Tips and Techniques for Being a Confident and Capable Restaurant Manager

What does the word “Management” mean? Look around the Internet and you’ll find many varying definitions. Here’s three examples of what some have said:

• “The activity of getting things done with the aid of people and other resources.”

• “Effective utilization and coordination of resources such as capital, materials, and labor to achieve defined objectives with maximum efficiency.”

• “The process of getting activities completed efficiently with and through other people including the process of setting and achieving goals through the execution of five basic management functions: planning, organizing, staffing, directing, and controlling; that utilize human, financial, and material resources.”

When you boil these three definitions down and summarize, as a restaurant manager you simply must produce results and get the work done! We have a proven, three-step process of helping managers enjoy results as detailed below:

STEP ONE – YOU MUST GAIN CONTROL OVER YOUR OWN TIME AND ACTIVITIES FIRST

A study conducted several years ago found that the average restaurant manager has 64 unplanned interruptions during the course of a day. This doesn’t surprise any seasoned restaurant manager, but if you’re new to the industry or a first-time manager, this means that early in the game of management, you’ll need to take firm reins over your valuable time!

Your FIRST responsibility as a competent and capable restaurant manager is to hold yourself accountable for your own time and I had to learn this lesson the hard way.

As a young manager many years ago, I was to attend a meeting with my General Manager, Dave Dalmadge, at 4PM on a day that I was scheduled off. When that day arrived, I was many miles away from the restaurant, enjoying my day off. About 4:15, I received a call from Dave and he simply said to me, “We had a meeting scheduled for 4PM today and you’re not here. I allocated my time for you, so get here as soon as you can” and he hung up.

An hour later, I walked into his office and after profusely apologizing, I said, “Dave, I’ve always tried to remember every meeting and it’s pretty rare that I forget commitments. How do you seem to remember everything?” He responded by pulling out a little bound book from his pocket. On the cover of the little book were the words, “Day Timer” and he then showed me that he wrote his schedule and every schedule commitment he had made in the book. He said to me, “Kevin, get this system, use it every day, and you’ll never forget anything that’s important.” I eagerly ordered the 12 little monthly booklets and immediately found after using it just a short time that I:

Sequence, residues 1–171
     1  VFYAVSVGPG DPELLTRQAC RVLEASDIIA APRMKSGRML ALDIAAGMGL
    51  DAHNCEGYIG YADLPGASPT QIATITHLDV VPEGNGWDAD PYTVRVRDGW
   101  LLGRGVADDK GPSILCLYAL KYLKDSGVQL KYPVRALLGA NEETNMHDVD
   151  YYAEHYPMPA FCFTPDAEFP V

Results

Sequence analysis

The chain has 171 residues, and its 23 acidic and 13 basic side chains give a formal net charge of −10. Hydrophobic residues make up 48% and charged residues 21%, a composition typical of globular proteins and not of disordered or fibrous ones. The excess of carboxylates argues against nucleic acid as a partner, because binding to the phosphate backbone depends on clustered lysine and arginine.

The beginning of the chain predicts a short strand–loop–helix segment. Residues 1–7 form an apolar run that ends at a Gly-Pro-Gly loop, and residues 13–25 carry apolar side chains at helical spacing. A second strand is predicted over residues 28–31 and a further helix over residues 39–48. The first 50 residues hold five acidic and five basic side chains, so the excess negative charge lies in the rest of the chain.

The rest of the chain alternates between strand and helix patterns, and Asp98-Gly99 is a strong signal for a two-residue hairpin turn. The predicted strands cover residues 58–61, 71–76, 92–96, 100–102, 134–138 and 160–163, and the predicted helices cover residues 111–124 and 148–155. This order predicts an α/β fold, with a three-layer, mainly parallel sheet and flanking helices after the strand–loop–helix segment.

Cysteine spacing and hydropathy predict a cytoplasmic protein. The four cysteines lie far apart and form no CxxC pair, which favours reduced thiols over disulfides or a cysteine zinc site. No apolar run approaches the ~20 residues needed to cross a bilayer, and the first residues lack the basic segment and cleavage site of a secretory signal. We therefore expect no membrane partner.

1. … was never late for another meeting.
2. … never forgot anyone’s birthday (because I plugged them in for the entire year in the 12 little calendars).
3. … had less stress because I could see what events were coming up and I had plenty of time to prepare.
4. … had a written record of what had happened and what I accomplished.
5. … could integrate my personal and professional scheduled activities into one convenient spot.
6. … was no longer embarrassed by my own lack of accountability.
7. … started producing real results both at work and in my own personal life!

I’ll always be thankful to Dave for the singular most important restaurant, and life lesson he taught me – how to hold myself accountable and how to control my own schedule. Suddenly and with very little work on my own, I began doing the right thing at the right time!

Even though this event happened over 35 years ago, I still use a calendar. The one I use now is a small, 12-month, “At-a-Glance” calendar that accompanies me wherever I go. Maybe a little old school compared to using a phone or Outlook calendar, but it’s a system that works for me, especially because I can put tickets and other paperwork into that calendar. Whatever system you decide to use, you simply must take the responsibility for being personally accountable for your own time management because THIS is where good management skills begin. Good managers do the right thing at the right time, the right way